Thomas Hardy, Humanism and History

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Author: Fred Reid
Editor: Kathy D. Darrow
Publisher: Gale, part of Cengage Group
Document Type: Critical essay
Length: 9,668 words

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[(essay date 1998) In the following essay, Reid "attempt[s] to throw a different light on Hardy's relationship to humanist ideas of history," arguing that Hardy "holds on to the humanist belief that people can be the agents of social improvement."]

1. Introduction

Thomas Hardy's fiction was once debated territory between historians and critics who read Hardy as a representative of "realism". Douglas Brown, for example, read Hardy as a "faithful witness" to "the ruin of English agriculture".1 Hardy values the essential virtue of the countryman, which he saw as overthrown by the "invasion" of an urban spirit, responsible for the corn laws of 1846 and the subsequent depression of English agriculture. Likewise, the Marxist critic, Arnold Kettle,2 saw Hardy as committed to the values of a "peasantry", which was destroyed by class struggle within the countryside.

Historians had no difficulty in dismissing these accounts as a distortion of what actually happened to English agriculture and rural communities in the nineteenth century. There was no generalised "ruin" of agriculture.3 Urban capital frequently brought new opportunities to backward rural communities in Hardy's own Dorset and Hardy romanticised the "peasant" or "lifeholder" class.4

Faced with this historical evidence, Merryn Williams made an attempt to salvage Hardy's fiction for realism.5 Building on work done with her father, Raymond,6 she produced a Hardy who saw deeply into the cultural crisis besetting "humanity" on the eve of a new century of unprecedented capitalist development:

It was not only an existing but a growing and struggling humanity that Hardy wished to describe. From The Return of the Native on, the recognition of simple humanity is extended and complicated by questions of education, mobility, and aspiration, beyond the customary rural ways. This is what I have seen as the highest kind of realism, and Hardy's permanent achievement as a novelist. To see what was really there, beyond the conventional stereotypes was difficult enough. But to see what was moving and growing, not only within individuals, but within a whole society on the edge of further difficult change and growth required an imaginative insight of the highest order: a penetration to what was potential yet thwarted, active but though slighted, enduring, in late nineteenth-century England. In this final recognition Hardy became, not only our most important country novelist, but a major writer whose insights and concerns are still at the centre of our experience.7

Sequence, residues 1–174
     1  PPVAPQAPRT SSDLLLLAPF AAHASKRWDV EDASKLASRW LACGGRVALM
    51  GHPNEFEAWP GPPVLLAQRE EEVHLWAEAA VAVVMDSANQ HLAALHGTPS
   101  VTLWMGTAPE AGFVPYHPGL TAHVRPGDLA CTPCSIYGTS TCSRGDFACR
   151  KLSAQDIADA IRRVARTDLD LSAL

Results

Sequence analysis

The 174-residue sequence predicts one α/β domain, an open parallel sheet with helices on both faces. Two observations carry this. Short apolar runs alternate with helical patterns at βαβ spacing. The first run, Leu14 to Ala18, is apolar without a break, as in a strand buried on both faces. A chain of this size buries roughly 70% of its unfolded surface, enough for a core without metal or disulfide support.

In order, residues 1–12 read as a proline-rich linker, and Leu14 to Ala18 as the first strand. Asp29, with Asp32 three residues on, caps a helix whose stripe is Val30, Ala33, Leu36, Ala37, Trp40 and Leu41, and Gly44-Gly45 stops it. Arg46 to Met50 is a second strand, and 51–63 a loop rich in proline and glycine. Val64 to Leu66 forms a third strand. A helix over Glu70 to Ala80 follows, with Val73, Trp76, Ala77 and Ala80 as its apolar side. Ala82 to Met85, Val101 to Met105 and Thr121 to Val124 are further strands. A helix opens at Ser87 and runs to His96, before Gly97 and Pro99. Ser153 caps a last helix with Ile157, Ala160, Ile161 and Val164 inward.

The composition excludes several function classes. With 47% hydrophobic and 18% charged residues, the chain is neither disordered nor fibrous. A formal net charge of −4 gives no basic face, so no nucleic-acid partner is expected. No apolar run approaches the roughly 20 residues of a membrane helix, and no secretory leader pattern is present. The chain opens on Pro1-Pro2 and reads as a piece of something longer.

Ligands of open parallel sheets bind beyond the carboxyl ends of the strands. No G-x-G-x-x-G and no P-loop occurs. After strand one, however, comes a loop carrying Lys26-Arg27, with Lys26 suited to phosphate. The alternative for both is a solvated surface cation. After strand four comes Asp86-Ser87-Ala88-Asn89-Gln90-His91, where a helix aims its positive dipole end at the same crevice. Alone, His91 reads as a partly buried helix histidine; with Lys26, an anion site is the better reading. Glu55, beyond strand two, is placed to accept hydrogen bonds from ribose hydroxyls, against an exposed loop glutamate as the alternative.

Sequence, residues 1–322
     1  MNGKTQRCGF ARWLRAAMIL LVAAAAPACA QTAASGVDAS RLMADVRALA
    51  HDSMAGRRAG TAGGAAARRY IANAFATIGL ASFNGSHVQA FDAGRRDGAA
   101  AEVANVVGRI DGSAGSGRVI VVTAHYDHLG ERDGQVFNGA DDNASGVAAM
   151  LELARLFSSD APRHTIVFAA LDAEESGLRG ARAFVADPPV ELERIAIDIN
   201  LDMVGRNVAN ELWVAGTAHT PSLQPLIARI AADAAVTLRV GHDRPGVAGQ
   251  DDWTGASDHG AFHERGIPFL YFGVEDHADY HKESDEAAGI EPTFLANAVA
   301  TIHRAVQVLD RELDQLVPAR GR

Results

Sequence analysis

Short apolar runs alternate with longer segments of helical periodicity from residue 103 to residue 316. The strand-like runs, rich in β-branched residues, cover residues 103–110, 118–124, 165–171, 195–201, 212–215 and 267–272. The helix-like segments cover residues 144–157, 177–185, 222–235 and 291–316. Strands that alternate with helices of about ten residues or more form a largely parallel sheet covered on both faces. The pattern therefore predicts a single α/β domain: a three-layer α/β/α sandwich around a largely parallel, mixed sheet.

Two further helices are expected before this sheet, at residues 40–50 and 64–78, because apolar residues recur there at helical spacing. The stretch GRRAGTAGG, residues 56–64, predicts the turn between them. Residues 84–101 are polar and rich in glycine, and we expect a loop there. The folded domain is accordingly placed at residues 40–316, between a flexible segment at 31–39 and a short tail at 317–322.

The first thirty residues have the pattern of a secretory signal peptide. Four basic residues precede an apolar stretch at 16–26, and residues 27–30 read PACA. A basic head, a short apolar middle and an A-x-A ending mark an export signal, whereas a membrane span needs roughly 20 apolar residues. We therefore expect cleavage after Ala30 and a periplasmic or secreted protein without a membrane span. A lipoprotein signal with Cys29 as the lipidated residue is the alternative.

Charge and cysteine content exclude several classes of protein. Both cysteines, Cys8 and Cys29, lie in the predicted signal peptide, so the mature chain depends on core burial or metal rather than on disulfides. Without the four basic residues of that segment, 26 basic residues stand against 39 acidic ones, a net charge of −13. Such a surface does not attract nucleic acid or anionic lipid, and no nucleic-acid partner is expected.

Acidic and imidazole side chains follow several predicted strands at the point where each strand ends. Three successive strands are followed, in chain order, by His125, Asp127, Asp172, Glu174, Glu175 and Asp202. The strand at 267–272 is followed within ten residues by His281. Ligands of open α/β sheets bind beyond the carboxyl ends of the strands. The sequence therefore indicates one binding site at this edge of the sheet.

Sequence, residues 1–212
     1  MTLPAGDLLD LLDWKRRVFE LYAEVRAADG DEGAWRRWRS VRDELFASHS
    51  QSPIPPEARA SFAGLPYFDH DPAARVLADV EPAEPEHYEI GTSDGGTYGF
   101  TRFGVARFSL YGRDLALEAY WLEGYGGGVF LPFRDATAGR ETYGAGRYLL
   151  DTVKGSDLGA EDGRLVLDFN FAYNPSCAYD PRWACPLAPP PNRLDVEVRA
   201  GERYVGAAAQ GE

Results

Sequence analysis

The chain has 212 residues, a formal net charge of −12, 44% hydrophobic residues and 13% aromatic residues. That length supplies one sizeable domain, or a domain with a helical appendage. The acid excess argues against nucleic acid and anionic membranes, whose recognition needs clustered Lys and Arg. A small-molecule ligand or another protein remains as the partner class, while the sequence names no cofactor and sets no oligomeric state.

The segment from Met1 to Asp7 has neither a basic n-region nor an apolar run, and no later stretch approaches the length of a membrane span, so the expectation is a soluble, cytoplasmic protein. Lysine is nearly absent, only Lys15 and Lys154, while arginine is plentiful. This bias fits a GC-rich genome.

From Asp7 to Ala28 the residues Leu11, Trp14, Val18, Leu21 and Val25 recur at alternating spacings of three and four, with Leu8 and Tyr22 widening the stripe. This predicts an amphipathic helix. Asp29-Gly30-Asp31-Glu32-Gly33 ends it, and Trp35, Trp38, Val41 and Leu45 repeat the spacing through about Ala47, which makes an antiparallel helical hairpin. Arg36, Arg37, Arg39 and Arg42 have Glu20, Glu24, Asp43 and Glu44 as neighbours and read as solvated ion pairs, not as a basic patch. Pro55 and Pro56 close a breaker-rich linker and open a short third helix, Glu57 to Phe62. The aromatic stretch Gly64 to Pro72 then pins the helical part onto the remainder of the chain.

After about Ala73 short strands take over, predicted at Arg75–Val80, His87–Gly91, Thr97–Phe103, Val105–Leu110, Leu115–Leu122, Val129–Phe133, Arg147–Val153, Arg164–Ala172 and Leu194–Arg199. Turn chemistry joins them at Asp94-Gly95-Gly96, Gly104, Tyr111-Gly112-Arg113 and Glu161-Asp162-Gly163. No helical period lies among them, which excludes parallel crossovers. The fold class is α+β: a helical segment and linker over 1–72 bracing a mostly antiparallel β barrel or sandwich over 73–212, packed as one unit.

Such readings rest, ultimately, on the work of George Lukacs. Lukacs saw "high" realism as the characteristic fiction of an age of revolutionary crisis, when novelists like Scott, Balzac and Tolstoy were able to escape from the imprisonment of upper-class ideology to "see" the "true" tendency of history in their own times.8 This "true" tendency, which had been established scientifically by Marx, was always an upward leap of the human spirit towards its goal of Communism and freedom. The latest of these upward leaps had been the victory of the Soviet Union and its allies over Fascism....

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Gale Document Number: GALE|H1420101179